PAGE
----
Copyright Lawsuit Is Turnabout for SCO (New York Times)
Posted Oct 13, 2003 16:17 UTC (Mon) by zonker
In reply to: Copyright Lawsuit Is Turnabout for SCO (New York Times)
Parent article: Copyright Lawsuit Is Turnabout for SCO (New York Times)
Rather's report was just a pack of lies, but he has the protection of the first amendment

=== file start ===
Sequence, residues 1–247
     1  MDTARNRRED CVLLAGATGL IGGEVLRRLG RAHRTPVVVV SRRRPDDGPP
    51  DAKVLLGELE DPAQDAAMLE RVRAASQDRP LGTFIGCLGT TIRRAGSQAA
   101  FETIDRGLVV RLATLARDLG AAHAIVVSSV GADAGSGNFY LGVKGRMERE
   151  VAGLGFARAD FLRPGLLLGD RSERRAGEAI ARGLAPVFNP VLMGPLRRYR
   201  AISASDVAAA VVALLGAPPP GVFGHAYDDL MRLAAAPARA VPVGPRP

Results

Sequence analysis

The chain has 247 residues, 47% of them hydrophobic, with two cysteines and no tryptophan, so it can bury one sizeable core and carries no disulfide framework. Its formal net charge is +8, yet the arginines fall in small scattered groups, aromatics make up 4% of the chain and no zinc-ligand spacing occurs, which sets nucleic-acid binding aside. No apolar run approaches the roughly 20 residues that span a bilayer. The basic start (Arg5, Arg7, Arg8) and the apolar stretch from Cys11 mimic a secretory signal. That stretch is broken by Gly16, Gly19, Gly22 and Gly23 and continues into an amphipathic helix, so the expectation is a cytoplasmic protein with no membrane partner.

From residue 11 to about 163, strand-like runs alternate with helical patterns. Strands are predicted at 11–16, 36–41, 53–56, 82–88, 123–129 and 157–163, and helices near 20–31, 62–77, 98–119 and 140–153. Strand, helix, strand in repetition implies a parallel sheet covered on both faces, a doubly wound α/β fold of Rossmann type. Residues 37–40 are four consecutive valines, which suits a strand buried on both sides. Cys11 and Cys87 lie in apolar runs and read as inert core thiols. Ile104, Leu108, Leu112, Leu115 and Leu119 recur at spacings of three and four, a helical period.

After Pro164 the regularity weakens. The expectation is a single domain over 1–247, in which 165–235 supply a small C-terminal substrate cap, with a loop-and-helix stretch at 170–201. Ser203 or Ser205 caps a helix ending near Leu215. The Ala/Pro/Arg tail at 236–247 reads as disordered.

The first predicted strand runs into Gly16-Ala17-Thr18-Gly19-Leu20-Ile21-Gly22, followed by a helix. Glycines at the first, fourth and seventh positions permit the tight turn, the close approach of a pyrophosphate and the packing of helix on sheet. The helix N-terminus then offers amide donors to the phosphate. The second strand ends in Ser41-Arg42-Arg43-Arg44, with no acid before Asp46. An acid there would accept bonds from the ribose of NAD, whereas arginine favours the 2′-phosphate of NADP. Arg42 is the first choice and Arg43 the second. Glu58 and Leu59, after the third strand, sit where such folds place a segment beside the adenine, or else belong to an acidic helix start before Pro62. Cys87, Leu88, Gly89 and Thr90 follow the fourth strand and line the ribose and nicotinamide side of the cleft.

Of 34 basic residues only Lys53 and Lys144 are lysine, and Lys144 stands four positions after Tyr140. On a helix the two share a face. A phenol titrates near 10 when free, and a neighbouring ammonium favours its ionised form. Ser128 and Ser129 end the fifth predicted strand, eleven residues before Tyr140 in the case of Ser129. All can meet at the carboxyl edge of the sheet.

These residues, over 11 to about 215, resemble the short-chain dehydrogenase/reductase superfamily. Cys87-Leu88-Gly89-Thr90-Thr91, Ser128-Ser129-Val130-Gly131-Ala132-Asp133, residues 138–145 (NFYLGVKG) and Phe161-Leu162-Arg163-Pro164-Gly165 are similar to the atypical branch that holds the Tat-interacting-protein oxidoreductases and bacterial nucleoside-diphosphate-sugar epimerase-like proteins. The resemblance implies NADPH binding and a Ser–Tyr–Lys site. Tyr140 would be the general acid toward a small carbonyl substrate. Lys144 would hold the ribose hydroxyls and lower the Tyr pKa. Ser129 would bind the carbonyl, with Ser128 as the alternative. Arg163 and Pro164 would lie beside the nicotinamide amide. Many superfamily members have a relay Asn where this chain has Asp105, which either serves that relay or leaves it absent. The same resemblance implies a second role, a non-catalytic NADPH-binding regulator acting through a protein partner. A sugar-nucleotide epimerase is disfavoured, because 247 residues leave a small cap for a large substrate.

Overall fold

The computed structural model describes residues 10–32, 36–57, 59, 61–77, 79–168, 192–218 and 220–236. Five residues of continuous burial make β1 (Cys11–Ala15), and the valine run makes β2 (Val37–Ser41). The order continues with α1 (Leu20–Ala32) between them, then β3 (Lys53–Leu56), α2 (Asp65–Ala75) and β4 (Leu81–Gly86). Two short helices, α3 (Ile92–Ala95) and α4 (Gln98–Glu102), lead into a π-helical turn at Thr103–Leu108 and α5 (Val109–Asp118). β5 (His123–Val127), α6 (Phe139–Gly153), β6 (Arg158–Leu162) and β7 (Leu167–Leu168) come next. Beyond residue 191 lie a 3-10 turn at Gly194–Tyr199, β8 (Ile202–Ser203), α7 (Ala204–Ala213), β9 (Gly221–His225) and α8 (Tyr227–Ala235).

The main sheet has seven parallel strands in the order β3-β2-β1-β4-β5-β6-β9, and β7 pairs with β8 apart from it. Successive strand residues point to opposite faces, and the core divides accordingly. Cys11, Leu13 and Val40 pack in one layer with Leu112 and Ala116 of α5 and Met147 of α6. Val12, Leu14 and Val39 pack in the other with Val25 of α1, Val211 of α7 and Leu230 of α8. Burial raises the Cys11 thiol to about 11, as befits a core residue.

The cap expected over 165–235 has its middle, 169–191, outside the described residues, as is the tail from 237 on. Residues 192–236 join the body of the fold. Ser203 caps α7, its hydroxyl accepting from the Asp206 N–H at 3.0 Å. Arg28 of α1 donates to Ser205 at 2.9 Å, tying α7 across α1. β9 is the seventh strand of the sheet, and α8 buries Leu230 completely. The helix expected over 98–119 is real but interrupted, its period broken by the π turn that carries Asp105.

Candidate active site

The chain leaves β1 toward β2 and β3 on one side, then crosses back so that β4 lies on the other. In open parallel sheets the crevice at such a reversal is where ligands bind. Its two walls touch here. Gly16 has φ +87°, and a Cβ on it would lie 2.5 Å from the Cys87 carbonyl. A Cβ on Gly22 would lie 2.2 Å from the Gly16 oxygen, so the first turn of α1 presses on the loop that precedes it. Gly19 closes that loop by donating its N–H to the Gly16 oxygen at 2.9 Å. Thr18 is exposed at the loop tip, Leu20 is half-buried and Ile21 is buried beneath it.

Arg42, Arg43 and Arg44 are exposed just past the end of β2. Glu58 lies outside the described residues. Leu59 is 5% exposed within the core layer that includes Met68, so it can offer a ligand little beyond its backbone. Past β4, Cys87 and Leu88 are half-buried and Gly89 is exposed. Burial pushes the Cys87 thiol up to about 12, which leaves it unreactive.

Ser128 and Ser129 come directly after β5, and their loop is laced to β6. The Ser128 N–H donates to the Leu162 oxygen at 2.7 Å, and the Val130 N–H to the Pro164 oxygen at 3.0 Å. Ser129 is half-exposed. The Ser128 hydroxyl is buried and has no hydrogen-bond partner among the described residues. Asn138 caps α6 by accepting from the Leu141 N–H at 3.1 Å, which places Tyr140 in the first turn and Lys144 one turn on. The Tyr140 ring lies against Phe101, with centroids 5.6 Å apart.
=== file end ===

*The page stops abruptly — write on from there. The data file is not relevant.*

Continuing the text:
The First Amendment provides no protection for libel or slander. If a reporter or organization runs a story that's a "pack of lies" they can be sued pretty handily. If Dan Rather says on the evening news that company XYZ is selling cars that burst into flames after 14,000 miles, he can be (and would be) sued and would most likely lose -- unless, of course, the car actually did burst into flames at or around 14,000 miles. The only exception here is if Rather said it as an opinion rather than fact, because you cannot sue someone for stating their opinion, no matter how derogatory it may be. (Therefore, "wow, that new Chrysler looks like it would burst into flames before it hit 14,000 miles" might be damaging, but it's legal.) The First Amendment is never protection against libel and slander -- something the folks at SCO would do well to remember.
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